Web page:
A large international conference I organized in Toronto in 1998 yielded three edited collections: Saxon Signposts, which appeared as a special issue of the UK journal German History (vol. 17, no. 4, 1999); Saxony in German History: Culture, Society, and Politics, 1830-1933 (Ann Arbor, 2000); and Sachsen in Deutschland: Politik, Kultur und Gesellschaft 1830-1918 (Bielefeld, Dresden, 2000). These volumes focused on a territory that lay behind the Iron Curtain before the fall of the Berlin Wall: when Saxony became one of the five East German states to join the Federal Republic of Germany, its archives were opened up to western scholars, and I was among the first researchers to make use of these sources to reconsider Saxony’s role in the German Empire.
Two more coedited collections appeared when I collaborated with Thomas Adam and Geoff Eley in 2001 and 2003: these were Zwischen Markt und Staat. Stifter und Stiftungen im transatlantischen Vergleich [Between Market and State: Philanthropists and Foundations in Transatlantic Comparison], which appeared as a special double issue of the German journal Comparativ (vol. 11, nos. 5-6, 2001); and Wilhelminism and Its Legacies: German Modernities, Imperialism, and the Meanings of Reform, 1890-1930 (Oxford, 2003). My editorial work on this volume was done mainly when I was a Visiting Professor of History at the University of Göttingen in 2002-3, where I held the Friedrich Wilhelm Bessel Research Prize, awarded to mid-career scholars by the Alexander von Humboldt Foundation.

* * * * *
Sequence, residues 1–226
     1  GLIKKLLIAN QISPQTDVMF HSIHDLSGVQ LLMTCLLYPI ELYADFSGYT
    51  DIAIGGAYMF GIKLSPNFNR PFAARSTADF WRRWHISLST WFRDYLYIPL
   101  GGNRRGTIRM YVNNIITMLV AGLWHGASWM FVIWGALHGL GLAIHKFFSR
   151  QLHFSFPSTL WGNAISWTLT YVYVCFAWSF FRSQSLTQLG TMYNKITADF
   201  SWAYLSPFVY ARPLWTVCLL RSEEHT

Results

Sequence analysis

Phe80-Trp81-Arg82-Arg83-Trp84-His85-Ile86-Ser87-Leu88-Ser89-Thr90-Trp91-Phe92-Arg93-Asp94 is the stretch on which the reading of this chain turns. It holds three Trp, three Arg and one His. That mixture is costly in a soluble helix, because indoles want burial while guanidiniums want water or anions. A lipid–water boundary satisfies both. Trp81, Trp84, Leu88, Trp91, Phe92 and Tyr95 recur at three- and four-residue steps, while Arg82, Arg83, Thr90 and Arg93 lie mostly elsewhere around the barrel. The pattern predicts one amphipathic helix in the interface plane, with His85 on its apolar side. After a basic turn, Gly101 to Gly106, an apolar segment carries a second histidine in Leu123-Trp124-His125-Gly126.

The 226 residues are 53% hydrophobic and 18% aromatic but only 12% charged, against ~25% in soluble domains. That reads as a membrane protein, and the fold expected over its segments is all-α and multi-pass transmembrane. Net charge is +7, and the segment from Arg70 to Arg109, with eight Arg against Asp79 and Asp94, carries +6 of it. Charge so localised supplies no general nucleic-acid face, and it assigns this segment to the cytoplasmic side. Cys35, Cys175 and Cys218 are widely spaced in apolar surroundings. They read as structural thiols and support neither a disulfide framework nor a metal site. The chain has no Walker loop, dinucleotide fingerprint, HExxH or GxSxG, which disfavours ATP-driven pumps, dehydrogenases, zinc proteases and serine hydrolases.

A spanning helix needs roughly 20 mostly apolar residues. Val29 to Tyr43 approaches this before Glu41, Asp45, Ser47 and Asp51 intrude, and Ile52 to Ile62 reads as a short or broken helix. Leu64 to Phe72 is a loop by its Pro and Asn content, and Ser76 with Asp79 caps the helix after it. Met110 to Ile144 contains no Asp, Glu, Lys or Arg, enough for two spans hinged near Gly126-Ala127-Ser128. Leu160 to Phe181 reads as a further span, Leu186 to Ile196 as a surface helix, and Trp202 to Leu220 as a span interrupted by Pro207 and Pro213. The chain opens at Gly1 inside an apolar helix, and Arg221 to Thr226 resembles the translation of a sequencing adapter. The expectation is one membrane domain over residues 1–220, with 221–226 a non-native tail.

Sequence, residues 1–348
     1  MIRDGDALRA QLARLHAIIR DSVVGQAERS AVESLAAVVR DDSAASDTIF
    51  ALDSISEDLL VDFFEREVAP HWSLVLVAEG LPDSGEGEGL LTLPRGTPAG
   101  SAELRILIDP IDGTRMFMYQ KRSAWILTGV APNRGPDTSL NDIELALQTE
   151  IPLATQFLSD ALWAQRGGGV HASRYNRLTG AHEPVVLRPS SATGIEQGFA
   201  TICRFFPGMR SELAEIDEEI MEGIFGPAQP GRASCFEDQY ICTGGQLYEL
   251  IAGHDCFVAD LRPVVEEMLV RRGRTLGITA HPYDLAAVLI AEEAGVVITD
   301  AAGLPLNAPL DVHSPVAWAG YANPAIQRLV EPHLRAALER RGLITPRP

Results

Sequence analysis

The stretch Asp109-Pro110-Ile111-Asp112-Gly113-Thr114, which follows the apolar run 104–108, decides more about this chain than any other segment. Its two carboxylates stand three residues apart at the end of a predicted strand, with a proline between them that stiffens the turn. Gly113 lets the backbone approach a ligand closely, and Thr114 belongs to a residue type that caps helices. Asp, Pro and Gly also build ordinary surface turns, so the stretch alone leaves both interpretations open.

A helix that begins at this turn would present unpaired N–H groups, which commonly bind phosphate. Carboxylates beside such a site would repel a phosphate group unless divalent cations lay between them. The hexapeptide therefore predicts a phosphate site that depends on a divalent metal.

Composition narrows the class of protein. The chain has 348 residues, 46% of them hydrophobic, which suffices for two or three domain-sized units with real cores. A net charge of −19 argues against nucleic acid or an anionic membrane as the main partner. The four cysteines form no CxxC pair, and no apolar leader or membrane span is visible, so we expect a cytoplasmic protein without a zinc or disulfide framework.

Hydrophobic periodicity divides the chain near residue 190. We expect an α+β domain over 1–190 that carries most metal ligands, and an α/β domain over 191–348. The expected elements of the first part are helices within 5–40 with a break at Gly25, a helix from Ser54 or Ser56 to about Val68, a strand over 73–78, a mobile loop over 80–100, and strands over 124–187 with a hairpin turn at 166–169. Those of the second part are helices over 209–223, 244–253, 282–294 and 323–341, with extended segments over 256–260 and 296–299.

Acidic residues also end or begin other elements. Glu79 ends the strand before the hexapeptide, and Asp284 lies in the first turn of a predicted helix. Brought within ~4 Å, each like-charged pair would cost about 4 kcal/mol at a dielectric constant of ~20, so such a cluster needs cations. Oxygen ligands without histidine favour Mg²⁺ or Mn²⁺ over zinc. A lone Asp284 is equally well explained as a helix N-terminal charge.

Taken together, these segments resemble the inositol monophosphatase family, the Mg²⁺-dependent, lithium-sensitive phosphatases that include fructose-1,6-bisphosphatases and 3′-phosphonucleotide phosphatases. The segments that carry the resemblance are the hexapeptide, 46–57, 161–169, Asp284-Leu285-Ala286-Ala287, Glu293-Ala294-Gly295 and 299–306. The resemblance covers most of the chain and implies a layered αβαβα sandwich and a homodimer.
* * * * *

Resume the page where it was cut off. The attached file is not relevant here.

During the years 2003-8 I completed four other book-length projects. The first was a collection of online materials for one volume of a ten-volume project entitled German History in Documents and Images. My contribution was volume 4, Forging an Empire: Bismarckian Germany (1866-1890), which comprises approximately 2,500 pages of documents (in German and English) and images. I am now working on a revised second edition of this volume. The second book was a collection of my own essays: The German Right: Political Limits of the Authoritarian Imagination, 1860-1920 (Toronto, 2006). Here I considered how the authoritarian imagination inspired the German Right and how political pragmatism constrained it. I also challenged the assumption that, if Imperial Germany was modern, it could not also have been authoritarian. The third collection also resulted from a University of Toronto conference, and it was co-edited with David Blackbourn: Localism, Landscape, and the Ambiguities of Place: German-Speaking Central Europe, 1860-1930 (Toronto, 2007). I edited the fourth volume, Imperial Germany 1871-1918, for the “Short Oxford History of Germany” series (Oxford, 2008). With contributions from an A-list of international scholars, this book provided a critical introduction to this crucial era, taking care—as I do in all my work—to situate Imperial Germany in the larger sweep of German history without suggesting that Nazism or the Holocaust were inevitable endpoints to developments charted for the pre-1918 era.